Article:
Speaker 2: 03:36 Okay. Um, so and um, from what I've heard, we have the grades, um, a base of support in this area. So we have a fair amount of people that are familiar with philanthropy at wake forest baptist health and participate and support the organization. That's correct.
Speaker 3: 03:52 Absolutely. We have a terrific community that's very, very committed to the things that are happening here. Uh, it's lots of fun to engage with them because they're very passionate about, about healthcare and about wake forest and we're excited about that. We have lots of different ways that we engage the community. So during the course of the year we have a variety of different events and activities. Some of those are fundraising events and some of those are just opportunities like our Dean's Forum, uh, for the community to learn more about the research that goes on here. Uh, so they really can be part of that entire set of missions.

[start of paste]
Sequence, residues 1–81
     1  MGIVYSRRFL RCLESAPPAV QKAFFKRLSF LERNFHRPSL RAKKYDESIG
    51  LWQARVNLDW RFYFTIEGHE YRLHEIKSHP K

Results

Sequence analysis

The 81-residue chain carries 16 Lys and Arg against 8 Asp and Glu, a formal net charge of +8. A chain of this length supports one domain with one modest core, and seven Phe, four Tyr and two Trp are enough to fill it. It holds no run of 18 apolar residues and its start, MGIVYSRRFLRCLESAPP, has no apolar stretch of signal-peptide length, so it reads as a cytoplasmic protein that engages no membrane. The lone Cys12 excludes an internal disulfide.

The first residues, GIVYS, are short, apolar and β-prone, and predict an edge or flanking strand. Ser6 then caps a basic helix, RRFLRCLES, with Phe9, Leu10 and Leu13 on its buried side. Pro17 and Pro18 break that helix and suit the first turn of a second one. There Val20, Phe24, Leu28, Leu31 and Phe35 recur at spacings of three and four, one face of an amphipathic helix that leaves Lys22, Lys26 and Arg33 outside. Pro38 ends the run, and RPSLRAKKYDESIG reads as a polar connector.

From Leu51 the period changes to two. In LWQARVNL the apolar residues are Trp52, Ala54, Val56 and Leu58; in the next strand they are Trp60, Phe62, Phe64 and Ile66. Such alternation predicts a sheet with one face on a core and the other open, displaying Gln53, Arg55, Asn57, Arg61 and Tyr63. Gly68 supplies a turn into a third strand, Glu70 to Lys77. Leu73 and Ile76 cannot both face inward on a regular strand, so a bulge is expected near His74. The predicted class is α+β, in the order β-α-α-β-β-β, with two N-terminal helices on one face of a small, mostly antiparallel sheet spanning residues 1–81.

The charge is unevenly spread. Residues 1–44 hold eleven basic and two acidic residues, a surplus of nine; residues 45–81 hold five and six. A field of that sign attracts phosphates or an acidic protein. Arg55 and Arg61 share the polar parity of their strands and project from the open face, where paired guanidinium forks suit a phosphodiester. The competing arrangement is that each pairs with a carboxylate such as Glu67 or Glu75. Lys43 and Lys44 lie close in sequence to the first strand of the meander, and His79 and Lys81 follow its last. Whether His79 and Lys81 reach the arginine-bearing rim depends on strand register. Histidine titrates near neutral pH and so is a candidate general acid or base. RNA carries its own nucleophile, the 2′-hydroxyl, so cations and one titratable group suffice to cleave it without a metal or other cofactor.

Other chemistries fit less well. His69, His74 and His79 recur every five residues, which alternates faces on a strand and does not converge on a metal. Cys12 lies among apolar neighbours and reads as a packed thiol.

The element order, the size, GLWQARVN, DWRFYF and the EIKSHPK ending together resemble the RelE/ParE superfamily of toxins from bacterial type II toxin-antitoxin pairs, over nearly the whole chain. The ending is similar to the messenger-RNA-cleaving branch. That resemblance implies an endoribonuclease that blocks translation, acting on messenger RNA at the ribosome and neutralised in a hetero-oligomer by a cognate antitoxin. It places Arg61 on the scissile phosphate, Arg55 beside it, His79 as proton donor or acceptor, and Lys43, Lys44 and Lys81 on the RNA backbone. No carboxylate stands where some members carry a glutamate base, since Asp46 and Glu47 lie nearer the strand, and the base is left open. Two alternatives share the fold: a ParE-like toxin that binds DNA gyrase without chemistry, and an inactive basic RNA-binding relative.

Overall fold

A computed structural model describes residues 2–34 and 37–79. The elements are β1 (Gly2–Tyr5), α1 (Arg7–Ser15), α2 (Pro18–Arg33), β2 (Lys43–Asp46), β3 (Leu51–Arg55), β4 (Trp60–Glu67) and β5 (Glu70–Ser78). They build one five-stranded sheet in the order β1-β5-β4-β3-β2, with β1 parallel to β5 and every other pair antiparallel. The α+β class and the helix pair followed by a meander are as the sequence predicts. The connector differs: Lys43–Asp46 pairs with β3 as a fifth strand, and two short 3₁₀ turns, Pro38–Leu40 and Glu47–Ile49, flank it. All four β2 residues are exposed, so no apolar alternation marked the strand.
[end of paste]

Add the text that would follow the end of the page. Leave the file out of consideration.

Speaker 2: 04:30 Gotcha, Gotcha. Uh, well, so zooming in the focus a little bit now, uh, most people around this area have heard of Brenner Children's hospital is where they only children's hospital in northwest, North Carolina. Right. Um, so, uh, there are different events or campaigns at that, uh, help burner out during the course of the year. And it's cute to see, you know, sometimes we'll, we'll see like your girl scout troop or, or, um, a civic group like that doing, doing, um, different special events or initiatives to help raise funds for Brenner. Is that right?